The notion of wealthy pop stars trying to affect world politics has generated criticism, inside and outside the music community, of their ambitions and their ability to deliver.

“I frankly don’t care why artists show up, what their motivations are or whether people criticize the whole thing,” musician Dave Matthews said. “The goal is what is happening right now: a crisis that too often goes ignored is getting attention.”

Geldof and Bono have urged all Live 8 performers and supporters to maintain a positive posture this weekend, avoiding any bashing of President Bush, who holds much of the power to turn the Live 8 goals into reality.


“I will get down on my knees and thank George Bush and will have grudging admiration for him if he makes this happen,” Matthews said. “He and the G-8 can change the world with the strokes of their pens. If these shows ... help get it done, nothing else matters.”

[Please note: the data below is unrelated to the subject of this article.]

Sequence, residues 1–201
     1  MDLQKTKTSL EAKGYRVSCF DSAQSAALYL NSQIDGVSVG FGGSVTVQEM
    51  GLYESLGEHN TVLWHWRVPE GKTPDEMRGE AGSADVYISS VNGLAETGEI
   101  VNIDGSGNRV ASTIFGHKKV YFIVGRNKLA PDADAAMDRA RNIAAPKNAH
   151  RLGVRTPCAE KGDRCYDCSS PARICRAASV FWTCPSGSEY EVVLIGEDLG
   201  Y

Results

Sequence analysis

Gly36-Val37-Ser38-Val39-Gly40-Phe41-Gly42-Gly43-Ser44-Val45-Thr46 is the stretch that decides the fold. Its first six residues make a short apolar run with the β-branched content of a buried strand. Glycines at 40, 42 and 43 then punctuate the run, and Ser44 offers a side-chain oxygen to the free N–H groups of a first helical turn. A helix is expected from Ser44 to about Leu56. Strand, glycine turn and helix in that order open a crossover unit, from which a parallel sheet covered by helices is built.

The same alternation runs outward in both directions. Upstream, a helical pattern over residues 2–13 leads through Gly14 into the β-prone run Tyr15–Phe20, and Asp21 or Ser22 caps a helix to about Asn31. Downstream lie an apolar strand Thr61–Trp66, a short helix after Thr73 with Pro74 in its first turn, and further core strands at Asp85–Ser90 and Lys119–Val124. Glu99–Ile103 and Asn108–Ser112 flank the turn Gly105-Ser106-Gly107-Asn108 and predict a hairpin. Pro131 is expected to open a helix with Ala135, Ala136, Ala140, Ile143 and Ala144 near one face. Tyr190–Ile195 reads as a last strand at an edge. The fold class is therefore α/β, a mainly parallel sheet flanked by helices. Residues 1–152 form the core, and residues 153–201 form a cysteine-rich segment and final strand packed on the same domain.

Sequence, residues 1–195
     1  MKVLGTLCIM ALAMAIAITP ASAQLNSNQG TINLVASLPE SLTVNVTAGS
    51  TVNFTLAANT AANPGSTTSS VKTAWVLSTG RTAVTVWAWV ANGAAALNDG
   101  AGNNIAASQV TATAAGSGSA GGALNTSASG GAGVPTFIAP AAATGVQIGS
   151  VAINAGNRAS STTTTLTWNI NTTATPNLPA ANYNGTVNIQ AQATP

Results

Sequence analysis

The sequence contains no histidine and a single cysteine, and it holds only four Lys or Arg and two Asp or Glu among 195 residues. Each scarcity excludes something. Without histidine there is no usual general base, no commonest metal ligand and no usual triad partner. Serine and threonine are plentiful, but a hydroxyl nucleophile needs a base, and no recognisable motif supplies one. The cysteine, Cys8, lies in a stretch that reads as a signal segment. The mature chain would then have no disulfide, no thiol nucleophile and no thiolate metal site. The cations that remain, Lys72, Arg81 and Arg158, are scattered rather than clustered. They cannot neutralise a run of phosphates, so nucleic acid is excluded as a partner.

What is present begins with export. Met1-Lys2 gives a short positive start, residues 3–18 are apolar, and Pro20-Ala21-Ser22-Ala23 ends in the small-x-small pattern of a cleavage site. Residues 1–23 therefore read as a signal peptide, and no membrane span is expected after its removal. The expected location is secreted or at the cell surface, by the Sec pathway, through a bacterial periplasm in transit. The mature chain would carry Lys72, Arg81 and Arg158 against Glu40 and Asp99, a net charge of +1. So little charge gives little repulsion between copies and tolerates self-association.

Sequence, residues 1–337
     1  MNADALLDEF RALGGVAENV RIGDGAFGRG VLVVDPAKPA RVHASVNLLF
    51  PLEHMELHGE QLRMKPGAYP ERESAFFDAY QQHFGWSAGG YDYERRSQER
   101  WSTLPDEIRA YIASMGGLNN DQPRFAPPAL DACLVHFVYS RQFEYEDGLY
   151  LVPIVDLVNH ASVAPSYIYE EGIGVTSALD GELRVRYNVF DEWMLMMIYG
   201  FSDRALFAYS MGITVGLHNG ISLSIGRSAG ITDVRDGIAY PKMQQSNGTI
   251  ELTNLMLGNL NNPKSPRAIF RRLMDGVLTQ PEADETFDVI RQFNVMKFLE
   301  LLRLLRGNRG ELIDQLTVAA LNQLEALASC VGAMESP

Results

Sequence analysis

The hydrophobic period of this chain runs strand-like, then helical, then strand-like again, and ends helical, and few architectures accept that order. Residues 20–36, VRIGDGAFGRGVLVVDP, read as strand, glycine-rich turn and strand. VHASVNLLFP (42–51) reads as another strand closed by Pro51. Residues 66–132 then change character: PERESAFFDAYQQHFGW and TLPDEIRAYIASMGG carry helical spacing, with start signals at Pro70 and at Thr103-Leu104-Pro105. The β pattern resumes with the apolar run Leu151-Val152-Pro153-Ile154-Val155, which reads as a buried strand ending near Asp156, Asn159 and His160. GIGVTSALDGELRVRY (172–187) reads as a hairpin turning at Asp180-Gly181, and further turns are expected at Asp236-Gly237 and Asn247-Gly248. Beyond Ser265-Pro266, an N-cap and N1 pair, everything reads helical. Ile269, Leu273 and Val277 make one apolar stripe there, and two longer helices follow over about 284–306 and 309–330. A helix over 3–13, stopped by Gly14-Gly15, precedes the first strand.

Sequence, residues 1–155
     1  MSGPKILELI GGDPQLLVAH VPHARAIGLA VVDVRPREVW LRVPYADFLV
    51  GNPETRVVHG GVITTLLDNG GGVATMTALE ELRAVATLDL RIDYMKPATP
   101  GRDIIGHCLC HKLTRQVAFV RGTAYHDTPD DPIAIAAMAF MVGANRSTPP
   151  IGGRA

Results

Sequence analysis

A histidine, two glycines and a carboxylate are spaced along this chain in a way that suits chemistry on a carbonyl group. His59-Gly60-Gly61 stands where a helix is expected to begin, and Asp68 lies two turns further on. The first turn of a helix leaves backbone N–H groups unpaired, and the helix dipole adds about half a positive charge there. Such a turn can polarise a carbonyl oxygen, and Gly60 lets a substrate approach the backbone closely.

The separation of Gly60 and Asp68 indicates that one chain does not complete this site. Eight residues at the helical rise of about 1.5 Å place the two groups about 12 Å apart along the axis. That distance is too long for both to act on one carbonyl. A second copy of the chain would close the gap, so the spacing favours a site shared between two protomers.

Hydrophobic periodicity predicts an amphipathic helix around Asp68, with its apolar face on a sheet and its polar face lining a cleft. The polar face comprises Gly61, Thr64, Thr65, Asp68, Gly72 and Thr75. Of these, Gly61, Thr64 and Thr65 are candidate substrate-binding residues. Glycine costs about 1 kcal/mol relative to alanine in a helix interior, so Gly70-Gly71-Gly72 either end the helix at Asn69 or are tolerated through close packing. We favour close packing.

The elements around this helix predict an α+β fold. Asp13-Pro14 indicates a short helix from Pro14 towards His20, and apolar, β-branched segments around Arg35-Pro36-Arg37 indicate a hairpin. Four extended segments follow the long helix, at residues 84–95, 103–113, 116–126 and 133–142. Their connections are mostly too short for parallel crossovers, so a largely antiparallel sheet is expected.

Few people are expecting anything so dramatic to happen.

“There are some very complicated, very tough politics around [the G-8 summit], politics that go beyond people’s concern for poverty,” says Wendy R. Sherman, a partner with former Secretary of State Madeleine Albright at the Albright Group, a global strategy firm. “There will be intra-European politics at play and global politics at play.

“But if what happens on Saturday with Live 8 is successful, it will say there is a constituency around the world that is growing,” Sherman says, “and you might hear Tony Blair say that these concerts show there are people all over the world who want us to take on poverty, and we’re either going to lead the people to solve the problem or we’re going to be led by them. I could see him saying something like that.”



Who’s playing where

Here are some of the acts that will be taking the stage today at the Live 8 concerts.